A new study examines a diverse set of presolar grains in order to determine their true stellar origins. Some pristine meteorites contain a record of the solar system’s original building blocks, such as grains formed in ancient stars that died before the sun formed. One of the most difficult aspects of studying these presolar grains is determining the type of star from which each grain originated.
Nan Liu, research assistant professor of physics in the Arts & Sciences department at Washington University in St. Louis, is the lead author of a new study published in Astrophysical Journal Letters that examines a diverse set of presolar grains in order to determine their true stellar origins.
Liu and her colleagues measured isotopes of a variety of elements, including N and Mg-Al isotopes, in presolar silicon carbide (SiC) grains using a cutting-edge mass spectrometer called NanoSIMS. The scientists were able to visualize their samples with higher spatial resolution than previous studies because they refined their analytical protocols and used a new-generation plasma ion source.
For 4.6 billion years, presolar grains have been embedded in meteorites and are sometimes coated with solar materials on the surface. Because of the increased spatial resolution, our team was able to see Al contamination attached to the surface of a grain and obtain true stellar signatures by including signals only from the core of the grain during data reduction.Nan Liu
“For 4.6 billion years, presolar grains have been embedded in meteorites and are sometimes coated with solar materials on the surface,” Liu explained. “Because of the increased spatial resolution, our team was able to see Al contamination attached to the surface of a grain and obtain true stellar signatures by including signals only from the core of the grain during data reduction.”
The grains were sputtered for extended periods of time with an ion beam to expose clean, interior grain surfaces for isotopic analysis. The researchers discovered that after extended ion sputtering, the N isotope ratios of the same grain increased significantly.
C and N isotope ratios are two exceptions to the rule for measuring isotope ratios in stars. Based on the observed isotopic ratios of these stars, the new C and N isotope data for the presolar grains reported in this study directly link the grains to different types of carbon stars.
“The new isotopic data obtained in this study are exciting for stellar physicists and nuclear astrophysicists like me,” said Maurizio Busso, a study co-author based at the University of Perugia in Italy. “Indeed, the ‘abnormal’ N isotopic ratios of presolar SiC grains have been a significant source of concern over the last two decades. The new findings explain the difference between what was originally present in the presolar stardust grains and what was added later, resolving a long-standing puzzle in the scientific community.”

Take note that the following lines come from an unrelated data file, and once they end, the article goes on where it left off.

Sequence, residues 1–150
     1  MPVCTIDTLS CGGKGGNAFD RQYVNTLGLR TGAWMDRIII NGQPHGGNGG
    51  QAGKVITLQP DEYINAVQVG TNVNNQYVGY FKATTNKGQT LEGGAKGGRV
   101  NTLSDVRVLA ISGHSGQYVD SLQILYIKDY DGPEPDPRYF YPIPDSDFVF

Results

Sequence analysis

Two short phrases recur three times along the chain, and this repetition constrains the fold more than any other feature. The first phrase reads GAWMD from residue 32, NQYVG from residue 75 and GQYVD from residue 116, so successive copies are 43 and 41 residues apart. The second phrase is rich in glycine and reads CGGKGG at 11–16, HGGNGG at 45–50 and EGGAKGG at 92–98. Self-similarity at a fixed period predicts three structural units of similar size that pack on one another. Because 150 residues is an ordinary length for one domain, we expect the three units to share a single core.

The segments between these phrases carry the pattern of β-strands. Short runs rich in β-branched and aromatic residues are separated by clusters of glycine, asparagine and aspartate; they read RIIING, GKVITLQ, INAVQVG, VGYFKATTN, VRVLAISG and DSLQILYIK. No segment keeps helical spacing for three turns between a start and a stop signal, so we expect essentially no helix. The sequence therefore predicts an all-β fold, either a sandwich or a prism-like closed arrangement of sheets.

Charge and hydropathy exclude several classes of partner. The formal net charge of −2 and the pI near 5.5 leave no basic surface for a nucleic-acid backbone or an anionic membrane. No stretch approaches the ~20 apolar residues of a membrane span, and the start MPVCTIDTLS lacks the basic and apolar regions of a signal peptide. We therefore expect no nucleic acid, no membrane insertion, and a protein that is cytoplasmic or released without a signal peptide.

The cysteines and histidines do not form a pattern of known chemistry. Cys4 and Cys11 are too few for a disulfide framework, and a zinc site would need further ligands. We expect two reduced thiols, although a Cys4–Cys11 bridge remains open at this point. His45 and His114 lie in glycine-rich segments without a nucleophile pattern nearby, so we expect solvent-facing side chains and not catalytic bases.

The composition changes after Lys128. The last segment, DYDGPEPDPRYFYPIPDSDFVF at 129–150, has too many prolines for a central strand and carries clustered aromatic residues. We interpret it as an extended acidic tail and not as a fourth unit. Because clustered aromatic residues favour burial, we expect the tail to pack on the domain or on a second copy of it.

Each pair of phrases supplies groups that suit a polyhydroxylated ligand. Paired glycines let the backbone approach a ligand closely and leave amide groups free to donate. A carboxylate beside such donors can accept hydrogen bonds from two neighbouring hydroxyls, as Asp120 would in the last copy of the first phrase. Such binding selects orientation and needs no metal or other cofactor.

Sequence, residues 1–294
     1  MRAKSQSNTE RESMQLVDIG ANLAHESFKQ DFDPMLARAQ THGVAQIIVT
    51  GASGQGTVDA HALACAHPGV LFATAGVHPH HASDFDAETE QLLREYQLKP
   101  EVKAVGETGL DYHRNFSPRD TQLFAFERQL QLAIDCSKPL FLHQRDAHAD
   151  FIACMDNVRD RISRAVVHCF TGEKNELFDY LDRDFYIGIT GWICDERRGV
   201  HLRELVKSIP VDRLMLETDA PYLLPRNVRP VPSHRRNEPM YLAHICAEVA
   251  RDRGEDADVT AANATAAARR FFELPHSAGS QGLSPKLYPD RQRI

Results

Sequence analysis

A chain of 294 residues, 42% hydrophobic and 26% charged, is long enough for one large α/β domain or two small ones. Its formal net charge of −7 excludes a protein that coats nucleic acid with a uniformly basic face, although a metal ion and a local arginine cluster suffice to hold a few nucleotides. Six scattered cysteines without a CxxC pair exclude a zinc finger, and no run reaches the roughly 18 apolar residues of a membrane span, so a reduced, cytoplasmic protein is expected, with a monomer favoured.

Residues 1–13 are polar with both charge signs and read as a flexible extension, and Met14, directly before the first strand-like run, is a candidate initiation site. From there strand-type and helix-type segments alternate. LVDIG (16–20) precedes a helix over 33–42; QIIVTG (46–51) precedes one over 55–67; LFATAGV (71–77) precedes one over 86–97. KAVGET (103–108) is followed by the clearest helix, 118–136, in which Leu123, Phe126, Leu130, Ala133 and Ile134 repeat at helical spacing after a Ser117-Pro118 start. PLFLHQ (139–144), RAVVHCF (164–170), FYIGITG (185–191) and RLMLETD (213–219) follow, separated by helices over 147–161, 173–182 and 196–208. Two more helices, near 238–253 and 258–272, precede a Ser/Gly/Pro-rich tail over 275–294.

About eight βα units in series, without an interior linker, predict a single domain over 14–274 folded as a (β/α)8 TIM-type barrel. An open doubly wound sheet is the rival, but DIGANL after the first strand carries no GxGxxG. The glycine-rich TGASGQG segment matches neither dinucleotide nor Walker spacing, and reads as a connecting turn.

The investigation also includes a thorough examination of the radioactive isotope aluminum-26 (26Al), which served as an important heat source during the evolution of young planetary bodies in the early solar system as well as other extra-solar systems. The scientists deduced that large amounts of 26Al were initially present in all measured grains, as predicted by current models. The researchers determined how much 26Al was produced by the grains’ “parent stars.” Liu and her colleagues concluded that stellar model predictions for 26Al are at least a factor of two too high when compared to grain data.
The data-model offsets, according to Liu, likely point to uncertainties in relevant nuclear reaction rates, motivating nuclear physicists to pursue better measurements of these reaction rates in the future. The findings of the team link some of the presolar grains in this collection to previously unknown carbon stars with unusual chemical compositions.
The isotopic data from the grains point to H-burning processes occurring at higher-than-expected temperatures in such carbon stars. This data will assist astrophysicists in developing stellar models to better understand the evolution of these stellar objects.
“As we learn more about the sources of dust, we can learn more about the history of the universe and how various stellar objects within it evolve,” Liu explained.